processing audio that includes long silences

I am making software training videos. Audio narration is recorded first (Audacity 2.3.0, Win10), then I play back the narration while doing a screen recording of me using the software. I know that certain operations performed by the software will take 15-30 seconds to complete, so while recording the narration, I leave an appropriate amount of dead air at the points where the software will be doing its thing.

I want to apply the audiobook mastering process to my audio recording, but only the parts where I am actually speaking. In order to do this, I split my audio tracks into sections of dead air (whenver it is longer than ~5 seconds or so) and sections of speech, move all the sections of speech onto an empty track, apply equaliztion, rms normalization, and limiting as per the process instructions, and finally move each section from the processed track back to its original location on its original track.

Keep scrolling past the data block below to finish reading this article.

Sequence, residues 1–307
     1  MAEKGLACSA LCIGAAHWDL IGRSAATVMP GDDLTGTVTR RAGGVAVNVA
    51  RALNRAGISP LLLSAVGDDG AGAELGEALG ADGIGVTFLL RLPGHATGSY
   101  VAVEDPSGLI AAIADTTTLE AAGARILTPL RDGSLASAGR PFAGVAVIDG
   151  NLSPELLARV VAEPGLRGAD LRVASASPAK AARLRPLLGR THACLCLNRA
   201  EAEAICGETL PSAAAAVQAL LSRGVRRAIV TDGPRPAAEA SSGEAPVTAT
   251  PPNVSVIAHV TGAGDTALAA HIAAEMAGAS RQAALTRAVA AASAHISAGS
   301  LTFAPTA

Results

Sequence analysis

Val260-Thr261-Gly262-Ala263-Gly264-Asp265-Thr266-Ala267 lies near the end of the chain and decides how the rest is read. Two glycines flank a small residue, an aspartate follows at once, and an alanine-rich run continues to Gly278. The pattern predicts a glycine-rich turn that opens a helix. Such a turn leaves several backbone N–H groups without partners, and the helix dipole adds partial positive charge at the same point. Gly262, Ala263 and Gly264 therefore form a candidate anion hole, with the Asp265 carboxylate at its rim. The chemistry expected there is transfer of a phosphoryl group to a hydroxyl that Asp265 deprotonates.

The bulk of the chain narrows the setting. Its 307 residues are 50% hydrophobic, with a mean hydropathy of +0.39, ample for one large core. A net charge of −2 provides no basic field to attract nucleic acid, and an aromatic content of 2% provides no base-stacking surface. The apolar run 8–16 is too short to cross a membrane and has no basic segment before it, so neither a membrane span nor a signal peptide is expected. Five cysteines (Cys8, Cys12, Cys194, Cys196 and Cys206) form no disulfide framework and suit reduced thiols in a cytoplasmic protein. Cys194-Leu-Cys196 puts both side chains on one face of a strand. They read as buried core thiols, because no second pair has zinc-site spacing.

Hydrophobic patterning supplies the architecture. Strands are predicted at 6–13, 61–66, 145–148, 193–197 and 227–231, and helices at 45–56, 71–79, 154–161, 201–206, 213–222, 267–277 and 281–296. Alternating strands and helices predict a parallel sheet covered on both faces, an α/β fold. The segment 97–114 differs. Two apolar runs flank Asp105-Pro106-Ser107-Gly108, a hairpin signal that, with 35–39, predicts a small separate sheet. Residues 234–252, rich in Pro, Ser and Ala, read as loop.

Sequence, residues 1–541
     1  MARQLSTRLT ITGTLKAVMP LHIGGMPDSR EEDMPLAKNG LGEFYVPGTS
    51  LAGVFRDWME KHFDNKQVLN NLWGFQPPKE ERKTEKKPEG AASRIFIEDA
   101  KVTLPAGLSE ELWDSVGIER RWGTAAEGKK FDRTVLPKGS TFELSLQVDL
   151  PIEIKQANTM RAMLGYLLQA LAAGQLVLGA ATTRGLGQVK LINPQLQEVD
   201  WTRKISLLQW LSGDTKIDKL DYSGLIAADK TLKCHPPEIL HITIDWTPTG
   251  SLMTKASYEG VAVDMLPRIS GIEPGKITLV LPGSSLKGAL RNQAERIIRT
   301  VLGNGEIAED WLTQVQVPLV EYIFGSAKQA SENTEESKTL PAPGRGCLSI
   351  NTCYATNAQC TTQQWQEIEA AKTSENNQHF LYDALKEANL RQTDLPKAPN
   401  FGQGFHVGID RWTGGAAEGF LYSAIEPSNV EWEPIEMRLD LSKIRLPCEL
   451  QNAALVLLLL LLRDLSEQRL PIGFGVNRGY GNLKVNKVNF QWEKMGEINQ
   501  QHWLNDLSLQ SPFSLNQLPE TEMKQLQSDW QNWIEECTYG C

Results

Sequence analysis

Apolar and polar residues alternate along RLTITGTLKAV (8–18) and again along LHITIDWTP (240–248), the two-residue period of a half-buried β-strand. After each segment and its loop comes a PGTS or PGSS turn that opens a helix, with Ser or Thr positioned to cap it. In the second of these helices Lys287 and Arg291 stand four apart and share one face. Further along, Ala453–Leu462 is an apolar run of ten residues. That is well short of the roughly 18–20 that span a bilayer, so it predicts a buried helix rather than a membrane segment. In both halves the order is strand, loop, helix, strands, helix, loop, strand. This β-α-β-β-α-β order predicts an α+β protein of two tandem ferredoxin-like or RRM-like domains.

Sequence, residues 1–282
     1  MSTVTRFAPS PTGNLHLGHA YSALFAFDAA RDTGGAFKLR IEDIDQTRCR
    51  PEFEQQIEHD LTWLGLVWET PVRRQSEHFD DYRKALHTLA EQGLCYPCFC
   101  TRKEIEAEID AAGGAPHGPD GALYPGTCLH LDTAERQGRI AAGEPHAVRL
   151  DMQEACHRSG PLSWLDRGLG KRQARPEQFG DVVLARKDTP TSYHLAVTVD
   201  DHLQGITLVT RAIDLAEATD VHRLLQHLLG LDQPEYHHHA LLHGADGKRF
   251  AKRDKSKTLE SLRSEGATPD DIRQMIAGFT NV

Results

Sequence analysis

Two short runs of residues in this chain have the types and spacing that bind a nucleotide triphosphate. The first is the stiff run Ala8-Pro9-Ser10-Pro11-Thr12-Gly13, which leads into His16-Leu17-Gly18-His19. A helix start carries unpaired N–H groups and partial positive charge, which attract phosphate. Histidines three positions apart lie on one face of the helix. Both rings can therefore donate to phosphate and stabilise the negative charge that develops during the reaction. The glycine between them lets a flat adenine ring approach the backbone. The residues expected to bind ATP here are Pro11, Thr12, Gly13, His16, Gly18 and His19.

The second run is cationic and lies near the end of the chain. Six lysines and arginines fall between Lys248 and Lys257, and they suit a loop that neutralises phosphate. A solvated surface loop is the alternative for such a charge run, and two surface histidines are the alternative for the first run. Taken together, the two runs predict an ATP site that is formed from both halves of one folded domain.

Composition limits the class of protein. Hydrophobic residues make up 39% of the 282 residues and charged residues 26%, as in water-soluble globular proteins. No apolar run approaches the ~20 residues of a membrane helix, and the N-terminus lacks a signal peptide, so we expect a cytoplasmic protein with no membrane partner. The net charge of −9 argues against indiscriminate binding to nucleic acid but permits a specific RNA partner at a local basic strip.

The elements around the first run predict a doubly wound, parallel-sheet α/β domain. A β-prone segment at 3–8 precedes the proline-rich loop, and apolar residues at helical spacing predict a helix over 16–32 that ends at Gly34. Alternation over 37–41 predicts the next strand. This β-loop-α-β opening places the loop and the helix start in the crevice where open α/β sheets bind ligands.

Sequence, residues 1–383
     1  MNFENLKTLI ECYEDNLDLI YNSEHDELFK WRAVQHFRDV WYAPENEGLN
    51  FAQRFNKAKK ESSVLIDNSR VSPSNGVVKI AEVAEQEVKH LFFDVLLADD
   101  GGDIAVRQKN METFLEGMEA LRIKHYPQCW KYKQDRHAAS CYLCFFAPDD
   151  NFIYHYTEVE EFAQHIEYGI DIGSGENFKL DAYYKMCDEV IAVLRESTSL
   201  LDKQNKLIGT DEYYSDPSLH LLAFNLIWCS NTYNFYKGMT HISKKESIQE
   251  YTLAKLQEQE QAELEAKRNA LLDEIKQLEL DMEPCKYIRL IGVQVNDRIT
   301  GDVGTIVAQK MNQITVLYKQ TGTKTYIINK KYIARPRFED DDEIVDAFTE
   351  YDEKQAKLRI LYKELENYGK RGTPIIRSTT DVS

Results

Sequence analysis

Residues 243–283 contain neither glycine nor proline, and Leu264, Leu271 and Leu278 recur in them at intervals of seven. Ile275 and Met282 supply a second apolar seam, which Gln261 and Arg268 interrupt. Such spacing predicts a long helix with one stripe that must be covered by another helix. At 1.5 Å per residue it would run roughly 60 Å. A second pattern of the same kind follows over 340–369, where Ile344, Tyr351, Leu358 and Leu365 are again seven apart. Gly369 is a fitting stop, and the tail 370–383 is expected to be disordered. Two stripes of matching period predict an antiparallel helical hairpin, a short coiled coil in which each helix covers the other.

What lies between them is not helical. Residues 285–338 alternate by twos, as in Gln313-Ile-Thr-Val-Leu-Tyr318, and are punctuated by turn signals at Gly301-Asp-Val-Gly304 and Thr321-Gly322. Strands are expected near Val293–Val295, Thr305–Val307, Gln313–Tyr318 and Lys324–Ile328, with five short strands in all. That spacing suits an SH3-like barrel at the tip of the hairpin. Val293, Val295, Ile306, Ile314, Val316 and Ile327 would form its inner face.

This works, but I am curious whether there might be a more elegant way to do it? Some recordings might have 8-10 one to two minute tracks with 20 or more segments, so there can be a lot of splitting and moving pieces around.

Or if there is not another way, just confirmation of that would be very reassuring and helpful.


You’re right that the first and last steps in mastering don’t care in the least how long the presentation is, but RMS Normalize works on a fuzzy average and long stretches of silence may throw the results off.

I think I follow that. You do that so you can apply Mastering to one single track. How are you selecting the individual snippets to put them all back?

I can think of one thing that might help. We’re holding a Batch or Macro would would allow you to apply one single process and do all three Mastering jobs. It’s a bit brittle and things can go wrong, but it may be valuable for you.

I need to wait until I get back home.


Hi Koz,